When looking back at some of the best games of the modern era what comes to mind is often Outlast, Alien: Isolation, Amnesia, and other mainstream games that blew up either on twitch or YouTube. Lost in Vivo is on par with some of the best horror games ever made. Like Silent Hill, Lost in Vivo deals with the psychological elements of claustrophobia and the suffocating darkness that haunts our minds.
There is an abundance of good things that Lost in Vivo brings to the table. First, let’s talk about the monsters: The monsters are a mix of Cry of Fear and Silent Hill with nightmarish designs and capabilities to take the player’s guard down to scare them easily. Trains that come alive and attack you, men that are turned into rats, and floating mutilated humans that spit blood at you. It’s impossible to not feel somewhat disturbed by the monsters you encounter in the game. This leads us to the next part of the game, the atmosphere. Whether you’re walking down cramped narrow hallways, climbing through sewage tunnels, lost in an endless maze of pipes, or stuck in an abandoned mine; The feeling of claustrophobia and suffocating darkness is always prevalent throughout the game. And this is only amplified by the sounds and music that play while exploring the unnerving levels. Screams or whispering of people coming from hallways, monsters noisily coming after you, or the deafening silence before an attack is about to come. The sound design and soundtrack of Lost in Vivo do not give you a moment to relax. The graphics for this game are a sort of retro feel with its dark setting, grainy filter, and stylized pixel graphics. It works well with the environment and movement of the character and creatures. The weapons that are given to you also feel good to use although a bit lacking sort of like Cry of Fear.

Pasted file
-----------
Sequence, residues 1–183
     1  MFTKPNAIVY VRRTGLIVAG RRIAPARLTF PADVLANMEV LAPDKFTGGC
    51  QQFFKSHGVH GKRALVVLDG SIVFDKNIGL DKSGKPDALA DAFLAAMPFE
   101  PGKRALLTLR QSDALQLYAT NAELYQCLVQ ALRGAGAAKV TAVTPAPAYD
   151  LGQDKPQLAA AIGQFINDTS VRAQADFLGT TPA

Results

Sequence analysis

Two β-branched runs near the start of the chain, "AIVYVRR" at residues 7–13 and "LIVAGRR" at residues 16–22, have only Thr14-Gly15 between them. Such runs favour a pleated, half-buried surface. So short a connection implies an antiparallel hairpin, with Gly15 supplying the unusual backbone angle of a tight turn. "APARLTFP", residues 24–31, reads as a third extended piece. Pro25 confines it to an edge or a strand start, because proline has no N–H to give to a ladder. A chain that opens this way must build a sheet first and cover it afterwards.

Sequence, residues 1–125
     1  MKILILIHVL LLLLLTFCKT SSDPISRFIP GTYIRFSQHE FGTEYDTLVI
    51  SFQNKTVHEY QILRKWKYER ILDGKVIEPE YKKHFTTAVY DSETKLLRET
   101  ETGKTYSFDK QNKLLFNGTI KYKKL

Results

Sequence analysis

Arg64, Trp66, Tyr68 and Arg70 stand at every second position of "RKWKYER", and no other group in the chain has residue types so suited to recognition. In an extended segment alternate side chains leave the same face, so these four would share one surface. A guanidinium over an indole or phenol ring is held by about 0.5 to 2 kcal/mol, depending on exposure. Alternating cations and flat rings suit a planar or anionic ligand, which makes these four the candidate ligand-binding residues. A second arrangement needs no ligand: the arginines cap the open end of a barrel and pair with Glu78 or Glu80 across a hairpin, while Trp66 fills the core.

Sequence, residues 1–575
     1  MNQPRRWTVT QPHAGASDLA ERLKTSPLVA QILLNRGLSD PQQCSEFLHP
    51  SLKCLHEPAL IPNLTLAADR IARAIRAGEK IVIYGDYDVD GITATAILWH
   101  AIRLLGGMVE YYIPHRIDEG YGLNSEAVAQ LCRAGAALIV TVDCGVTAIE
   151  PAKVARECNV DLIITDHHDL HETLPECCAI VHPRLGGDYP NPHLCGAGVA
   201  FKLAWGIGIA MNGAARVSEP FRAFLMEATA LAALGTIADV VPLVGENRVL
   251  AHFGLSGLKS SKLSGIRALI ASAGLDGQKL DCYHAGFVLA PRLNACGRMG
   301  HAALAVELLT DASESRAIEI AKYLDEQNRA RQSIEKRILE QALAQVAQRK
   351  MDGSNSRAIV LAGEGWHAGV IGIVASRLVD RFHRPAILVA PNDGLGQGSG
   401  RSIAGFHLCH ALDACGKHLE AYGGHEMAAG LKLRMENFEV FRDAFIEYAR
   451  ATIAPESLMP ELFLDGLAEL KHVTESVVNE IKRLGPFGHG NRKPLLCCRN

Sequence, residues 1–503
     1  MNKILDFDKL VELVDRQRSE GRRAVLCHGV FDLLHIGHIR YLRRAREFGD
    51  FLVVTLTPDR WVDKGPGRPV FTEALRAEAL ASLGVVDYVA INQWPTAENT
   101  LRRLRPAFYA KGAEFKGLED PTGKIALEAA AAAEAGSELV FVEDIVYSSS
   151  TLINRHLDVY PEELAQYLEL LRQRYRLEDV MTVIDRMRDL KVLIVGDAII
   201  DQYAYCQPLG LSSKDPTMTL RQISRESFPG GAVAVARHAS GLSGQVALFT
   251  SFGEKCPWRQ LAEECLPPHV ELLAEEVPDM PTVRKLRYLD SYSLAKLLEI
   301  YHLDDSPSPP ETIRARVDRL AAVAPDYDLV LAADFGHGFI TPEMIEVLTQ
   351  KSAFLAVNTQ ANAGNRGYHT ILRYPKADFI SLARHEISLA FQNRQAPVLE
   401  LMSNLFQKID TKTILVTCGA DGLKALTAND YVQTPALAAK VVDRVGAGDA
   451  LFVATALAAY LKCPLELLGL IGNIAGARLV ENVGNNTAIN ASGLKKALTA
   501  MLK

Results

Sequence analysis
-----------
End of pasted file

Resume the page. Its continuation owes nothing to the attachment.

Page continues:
The main drawback of this game is ironically the story. The story is as simple as this, your dog gets lost down a sewer, so you enter to find the dog and escape. On the case of whether you escape the sewer, you’ll get one of four multiple endings depending on how you leave or what you do. But that’s essentially it, there isn’t much plot that is explored, and the endings just have a sentence or two of text to read. You can find notes in the game but many of them give clues about puzzles or what monsters you can expect to see ahead. This isn’t a bad thing, but it would have been nice to see a more thought-out story.
Overall, I would rate the game an easy 8/10 for the way that the game portrays what it intended to do. It’s a very well-made horror game that could easily scare anyone playing it and it’s obvious the developers put a lot of hard work into it. It’s a game worth checking out and one of the best horror games that have been made in the past few years, especially by an indie developer. You can find this game on the Steam store for $11.99 USD which is genuinely worth it.
On steam: https://store.steampowered.com/app/963710/Lost_in_Vivo/
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